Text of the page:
North-East-based renewable energy company, Engenera Renewables Group has given a cautious welcome to plans unveiled on October 19 by the UK government designed to deliver on its target of achieving net zero greenhouse gas emissions by 2050.

The announcement comes days before global leaders meet in Glasgow to negotiate how to curb climate change at so-called COP26. Achieving net zero means the UK will no longer be adding to the total amount of greenhouse gases in the atmosphere.

The government unveiled a raft of financial incentives to help companies embrace this target. It will invest £620 million in grants for electric vehicles and EV charging stations and an extra £350 million to help the automotive supply chain move to electric.

It has also announced incentives designed to help homeowners reduce their carbon emissions. These include grants of £5,000 to install low-carbon heat pumps to replace gas boilers.

The government also stressed that it wants businesses to lead the way in reaching for zero carbon emissions. They said the transition will create 440,000 jobs and draw in up to £90 billion of private investment by 2030. They have also previously announced a £500m fund for low carbon innovation.

Engenera works as a decarbonisation partner for businesses seeking a holistic solution to better manage all their energy needs and help them align with government targets. It works closely with its clients on a range of renewable technologies including commercial solar PV and battery storage; air and ground source heat pumps; combined heat and power; electric vehicle charging points; and LED lighting.

It is also one of the few renewable energy companies in the UK able to offer renewable energy installations at no capital outlay to customers able to sign power purchase agreements (PPAs). This is because it can access a £100 million green bond programme that is financed by multiple PPAs, arranged by Engenera.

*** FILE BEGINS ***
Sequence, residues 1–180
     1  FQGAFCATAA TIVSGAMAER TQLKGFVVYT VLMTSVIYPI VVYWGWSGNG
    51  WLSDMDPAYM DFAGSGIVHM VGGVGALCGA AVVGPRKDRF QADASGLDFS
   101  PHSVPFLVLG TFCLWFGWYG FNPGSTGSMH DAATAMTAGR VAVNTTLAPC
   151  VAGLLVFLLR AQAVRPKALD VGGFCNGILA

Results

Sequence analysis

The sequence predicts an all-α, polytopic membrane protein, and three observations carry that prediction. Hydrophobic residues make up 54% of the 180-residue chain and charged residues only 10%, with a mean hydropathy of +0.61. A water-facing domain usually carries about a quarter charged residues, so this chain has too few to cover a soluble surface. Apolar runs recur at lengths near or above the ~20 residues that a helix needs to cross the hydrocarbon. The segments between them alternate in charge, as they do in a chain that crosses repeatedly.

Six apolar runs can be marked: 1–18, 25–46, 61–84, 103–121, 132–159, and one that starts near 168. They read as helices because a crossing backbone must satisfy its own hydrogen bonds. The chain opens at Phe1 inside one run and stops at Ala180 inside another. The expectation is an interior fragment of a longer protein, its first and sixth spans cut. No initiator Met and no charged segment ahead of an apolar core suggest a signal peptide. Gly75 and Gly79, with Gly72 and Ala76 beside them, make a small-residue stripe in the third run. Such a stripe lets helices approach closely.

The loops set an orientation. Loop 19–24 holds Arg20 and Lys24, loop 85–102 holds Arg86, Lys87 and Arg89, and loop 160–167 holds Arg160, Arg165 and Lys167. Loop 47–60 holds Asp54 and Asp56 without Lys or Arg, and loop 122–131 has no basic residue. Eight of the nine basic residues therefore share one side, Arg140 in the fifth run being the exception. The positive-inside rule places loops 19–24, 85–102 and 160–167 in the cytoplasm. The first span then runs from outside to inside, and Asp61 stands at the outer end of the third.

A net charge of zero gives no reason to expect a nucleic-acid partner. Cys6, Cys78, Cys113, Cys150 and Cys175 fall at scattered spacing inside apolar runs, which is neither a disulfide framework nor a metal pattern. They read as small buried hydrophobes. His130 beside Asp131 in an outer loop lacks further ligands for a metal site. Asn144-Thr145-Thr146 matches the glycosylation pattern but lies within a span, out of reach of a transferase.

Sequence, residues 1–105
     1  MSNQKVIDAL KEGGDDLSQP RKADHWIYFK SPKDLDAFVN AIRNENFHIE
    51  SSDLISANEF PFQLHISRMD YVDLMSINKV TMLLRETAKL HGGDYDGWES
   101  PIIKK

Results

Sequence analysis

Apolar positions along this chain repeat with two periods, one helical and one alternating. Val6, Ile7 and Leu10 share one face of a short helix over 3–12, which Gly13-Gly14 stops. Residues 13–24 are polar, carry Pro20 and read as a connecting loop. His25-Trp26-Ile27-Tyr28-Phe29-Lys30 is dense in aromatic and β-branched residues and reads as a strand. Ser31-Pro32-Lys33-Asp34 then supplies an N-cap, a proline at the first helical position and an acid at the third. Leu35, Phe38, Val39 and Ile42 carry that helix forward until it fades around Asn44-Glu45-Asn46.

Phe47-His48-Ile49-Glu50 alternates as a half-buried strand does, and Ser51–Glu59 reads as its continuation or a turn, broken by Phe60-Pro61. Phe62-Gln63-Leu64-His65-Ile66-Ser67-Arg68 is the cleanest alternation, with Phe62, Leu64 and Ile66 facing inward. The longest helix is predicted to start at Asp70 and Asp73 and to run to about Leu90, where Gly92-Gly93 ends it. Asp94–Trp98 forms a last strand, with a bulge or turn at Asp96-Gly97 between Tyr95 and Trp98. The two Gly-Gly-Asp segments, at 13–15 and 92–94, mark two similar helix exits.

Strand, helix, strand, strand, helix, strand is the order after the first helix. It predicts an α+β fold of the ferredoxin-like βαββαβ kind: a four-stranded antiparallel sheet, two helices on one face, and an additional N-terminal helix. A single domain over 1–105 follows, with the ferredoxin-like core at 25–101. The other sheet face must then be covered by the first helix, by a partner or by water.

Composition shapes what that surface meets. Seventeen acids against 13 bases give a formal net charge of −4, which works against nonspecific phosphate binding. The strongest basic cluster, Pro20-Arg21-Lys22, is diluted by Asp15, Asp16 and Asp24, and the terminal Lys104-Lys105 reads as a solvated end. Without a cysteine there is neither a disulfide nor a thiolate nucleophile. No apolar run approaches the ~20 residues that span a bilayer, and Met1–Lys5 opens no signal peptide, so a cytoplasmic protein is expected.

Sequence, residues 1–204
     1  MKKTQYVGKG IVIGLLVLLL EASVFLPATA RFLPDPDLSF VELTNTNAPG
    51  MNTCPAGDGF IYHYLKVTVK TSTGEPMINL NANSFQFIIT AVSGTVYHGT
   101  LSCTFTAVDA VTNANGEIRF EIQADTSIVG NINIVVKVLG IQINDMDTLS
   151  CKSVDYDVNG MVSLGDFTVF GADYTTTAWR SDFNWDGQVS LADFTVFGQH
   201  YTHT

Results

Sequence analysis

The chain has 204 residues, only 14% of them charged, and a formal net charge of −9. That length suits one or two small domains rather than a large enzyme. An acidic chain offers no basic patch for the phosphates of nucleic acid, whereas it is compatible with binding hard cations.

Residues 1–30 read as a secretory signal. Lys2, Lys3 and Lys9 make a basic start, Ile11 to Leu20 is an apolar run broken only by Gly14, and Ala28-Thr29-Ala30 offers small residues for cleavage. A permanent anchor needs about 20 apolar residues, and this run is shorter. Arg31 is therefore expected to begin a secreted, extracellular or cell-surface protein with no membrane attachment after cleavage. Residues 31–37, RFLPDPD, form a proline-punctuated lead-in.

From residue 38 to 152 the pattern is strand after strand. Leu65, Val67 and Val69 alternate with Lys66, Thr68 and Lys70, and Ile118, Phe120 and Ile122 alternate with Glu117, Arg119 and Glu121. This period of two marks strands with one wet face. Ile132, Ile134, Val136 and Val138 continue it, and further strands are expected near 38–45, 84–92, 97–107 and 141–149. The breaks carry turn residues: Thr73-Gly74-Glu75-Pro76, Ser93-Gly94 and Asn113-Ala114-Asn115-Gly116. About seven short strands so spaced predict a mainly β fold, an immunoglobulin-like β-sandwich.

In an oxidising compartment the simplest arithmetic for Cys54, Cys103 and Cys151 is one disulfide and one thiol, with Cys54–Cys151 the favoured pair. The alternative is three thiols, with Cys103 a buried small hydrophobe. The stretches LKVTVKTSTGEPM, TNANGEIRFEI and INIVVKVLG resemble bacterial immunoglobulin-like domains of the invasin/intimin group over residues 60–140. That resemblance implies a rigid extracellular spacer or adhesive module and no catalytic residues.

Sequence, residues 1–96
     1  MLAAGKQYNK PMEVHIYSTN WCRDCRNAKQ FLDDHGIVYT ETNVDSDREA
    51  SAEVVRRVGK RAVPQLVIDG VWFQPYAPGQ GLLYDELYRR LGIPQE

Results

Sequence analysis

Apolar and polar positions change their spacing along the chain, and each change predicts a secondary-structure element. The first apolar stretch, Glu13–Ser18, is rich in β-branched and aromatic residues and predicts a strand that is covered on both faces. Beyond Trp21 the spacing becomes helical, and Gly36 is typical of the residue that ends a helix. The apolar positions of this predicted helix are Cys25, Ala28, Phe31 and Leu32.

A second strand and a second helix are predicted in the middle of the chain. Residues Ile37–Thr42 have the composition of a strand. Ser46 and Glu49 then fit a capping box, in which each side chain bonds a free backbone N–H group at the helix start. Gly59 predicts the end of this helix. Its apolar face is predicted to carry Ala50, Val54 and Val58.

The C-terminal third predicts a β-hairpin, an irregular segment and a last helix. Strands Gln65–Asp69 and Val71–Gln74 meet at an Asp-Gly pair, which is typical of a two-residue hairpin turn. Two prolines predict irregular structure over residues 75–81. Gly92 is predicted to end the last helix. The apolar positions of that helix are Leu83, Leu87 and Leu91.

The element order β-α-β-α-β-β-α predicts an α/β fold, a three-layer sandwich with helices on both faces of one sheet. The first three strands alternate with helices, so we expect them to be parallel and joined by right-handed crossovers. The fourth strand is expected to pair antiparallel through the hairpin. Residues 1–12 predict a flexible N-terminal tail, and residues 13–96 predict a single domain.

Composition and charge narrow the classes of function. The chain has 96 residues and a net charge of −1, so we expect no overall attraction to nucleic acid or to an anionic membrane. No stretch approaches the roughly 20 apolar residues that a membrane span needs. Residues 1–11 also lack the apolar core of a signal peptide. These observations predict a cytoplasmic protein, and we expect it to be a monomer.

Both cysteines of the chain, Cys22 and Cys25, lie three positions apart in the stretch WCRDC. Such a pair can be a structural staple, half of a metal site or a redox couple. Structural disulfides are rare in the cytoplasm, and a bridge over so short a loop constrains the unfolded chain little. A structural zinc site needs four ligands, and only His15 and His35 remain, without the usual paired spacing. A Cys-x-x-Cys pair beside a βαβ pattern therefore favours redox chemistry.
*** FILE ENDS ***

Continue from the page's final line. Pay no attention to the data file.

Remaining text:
Lloyd Lawson, Engenera’s Chief Strategy Officer, welcomed the government announcements and acknowledged that the business can play a key role in helping many businesses take full advantage of the measures. It already has a strong presence in the automotive sector and is central to Nissan’s plans to install a further 37,000 solar panels at its Sunderland plant.

But he also stressed that government plans could go further and called on the government to offer small and medium-sized enterprises more incentives to embrace decarbonisation strategies, which can both reduce their energy costs and reduce their carbon footprint.

“We wholeheartedly welcome these plans announced by the government ahead of COP26 – they will make a big difference to striving for the goal of zero net emissions and we look forward to playing our part. However, we would also like to see more in the way of incentives for ordinary business outside of the automotive sector. We help many companies looking to do the right thing for the planet and we have many success stories. But these smaller businesses would also benefit from additional incentives and some clear guidance around what can be done and why that is important.”